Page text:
Back to Top
Utility Nav Top Nav Content News Nav Site Search
Close Main Menu

Tree Campus USA recognizes UNG for fourth straight year

UNG has been designated as a 2019 Tree Campus USA for helping the trees across all five campuses multiply and remain in good health. Last year, Dr. Allison Bailey and others planted a Cherokee brave dogwood tree in front of John L. Nix Mountain Cultural Center on UNG's Dahlonega Campus to mark the occasion. Assisting with the planting last year were: Carrie Allen, senior lecture of biology; two UNG students; Bailey; and Seth Hawkins of the Georgia Forestry Commission.

For years, University of North Georgia (UNG) students, faculty and staff have helped the trees across all five campuses multiply and remain in good health. For that feat and many more, UNG has been designated as a 2019 Tree Campus USA.

"It is fabulous," said Dr. Allison Bailey, associate professor of environmental studies in the Lewis F. Rogers Institute for Environmental and Spatial Analysis. "It shows that UNG is dedicated to the environmental sustainability on its campuses and maintains green spaces for student health and enjoyment."

Known as an Arbor Day Foundation program, Tree Campus USA honors colleges and universities and their leaders for promoting healthy trees and engaging students and staff in the spirit of conservation. UNG met the five core standards for sustainable campus forestry required by Tree Campus USA to obtain the distinction. Standards included establishing a tree advisory committee, evidence of a campus tree-care plan, dedicated annual expenditures for a campus tree program, an Arbor Day observance and the sponsorship of student service-learning projects.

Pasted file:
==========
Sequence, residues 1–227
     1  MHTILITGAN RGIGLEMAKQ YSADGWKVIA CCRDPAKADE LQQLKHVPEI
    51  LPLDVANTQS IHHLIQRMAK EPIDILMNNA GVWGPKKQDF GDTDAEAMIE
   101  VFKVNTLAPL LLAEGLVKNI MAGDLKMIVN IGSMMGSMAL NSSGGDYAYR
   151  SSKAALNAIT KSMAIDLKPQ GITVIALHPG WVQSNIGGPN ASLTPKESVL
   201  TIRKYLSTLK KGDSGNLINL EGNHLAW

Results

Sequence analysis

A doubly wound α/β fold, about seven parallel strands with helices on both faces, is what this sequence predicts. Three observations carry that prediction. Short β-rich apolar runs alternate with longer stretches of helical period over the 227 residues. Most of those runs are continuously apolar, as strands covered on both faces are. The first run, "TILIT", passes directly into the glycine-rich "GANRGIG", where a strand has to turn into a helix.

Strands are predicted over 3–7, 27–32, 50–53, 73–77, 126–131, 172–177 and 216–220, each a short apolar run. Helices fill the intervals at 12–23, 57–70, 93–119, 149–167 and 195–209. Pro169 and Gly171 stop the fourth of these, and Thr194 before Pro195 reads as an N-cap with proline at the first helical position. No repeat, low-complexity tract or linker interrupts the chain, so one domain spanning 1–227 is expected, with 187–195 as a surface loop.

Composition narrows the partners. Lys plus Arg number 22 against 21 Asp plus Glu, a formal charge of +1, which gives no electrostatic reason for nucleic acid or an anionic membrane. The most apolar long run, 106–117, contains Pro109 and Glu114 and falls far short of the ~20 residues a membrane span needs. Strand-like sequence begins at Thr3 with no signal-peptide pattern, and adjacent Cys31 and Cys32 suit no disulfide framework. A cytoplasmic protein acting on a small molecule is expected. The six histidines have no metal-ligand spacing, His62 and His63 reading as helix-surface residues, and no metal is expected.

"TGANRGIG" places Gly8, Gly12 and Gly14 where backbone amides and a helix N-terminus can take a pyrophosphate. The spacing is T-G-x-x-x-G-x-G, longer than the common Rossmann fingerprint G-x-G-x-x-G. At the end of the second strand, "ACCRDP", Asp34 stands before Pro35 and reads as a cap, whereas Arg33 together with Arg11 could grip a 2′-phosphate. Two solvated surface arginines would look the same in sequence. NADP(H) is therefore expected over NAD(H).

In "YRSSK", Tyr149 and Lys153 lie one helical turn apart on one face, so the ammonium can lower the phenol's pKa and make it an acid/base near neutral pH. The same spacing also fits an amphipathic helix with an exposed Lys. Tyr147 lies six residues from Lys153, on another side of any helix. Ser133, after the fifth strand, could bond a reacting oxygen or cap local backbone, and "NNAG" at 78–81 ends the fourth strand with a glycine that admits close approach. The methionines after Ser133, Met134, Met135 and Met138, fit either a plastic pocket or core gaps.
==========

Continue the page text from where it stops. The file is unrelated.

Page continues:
Bailey credits UNG's facilities department and its grounds crew with earning the school's recognition every year since 2016.

"They are the ones outdoors doing the hard work," she said, explaining the staff uses a student-generated tree inventory map to develop a tree-care plan for all five campuses. "They maintain our tree-care plan, and they only remove trees when it's necessary because of disease."

David Foster, manager of grounds and landscaping at UNG's Gainesville and Cumming campuses, said the property is divided into zones and is assigned to an employee to monitor.

"They look up in the trees and underneath the trees to search for dead and fallen limbs," he said. "And we address any tree that might be dead or dying."

Woody Adams, assistant director of facilities south including Gainesville and Cumming campuses, said UNG also works with a certified arborist to save as many trees effected by disease or in need of extra care.

"We try to save them or keep them healthy," he said.

Adams explained the grounds and landscaping crews also plant a lot of trees. Based on the number of trees planted on all five campuses, more than 100 trees were added in the past year. Each time construction and development projects happen on a campus, trees are part the plan. For example, if parking spaces are added or a building is expanded, trees are planted.

"Because of this policy, we have always gained trees on UNG's campuses," Bailey said, adding trees improve the campus experience. "Trees give students a place to sit and study since we have Wi-Fi access outside. Students have a place to hang their hammocks on campus. Trees also offset the auto emissions, so it feels comfortable to breathe outside."

To celebrate the most recent accomplishment, UNG will display the 2019 plaque in Price Memorial Hall on UNG's Dahlonega Campus. A new tree will be planted on one of the campuses, but the date is pending.

UNG follows Section 508 Standards and WCAG 2.0 for web accessibility. If you require the content on this web page in another format, please contact the ADA Coordinator.
Please note that some of the images and videos on our site may have been taken before social distancing, face coverings and restricted gatherings were required.

Back to Top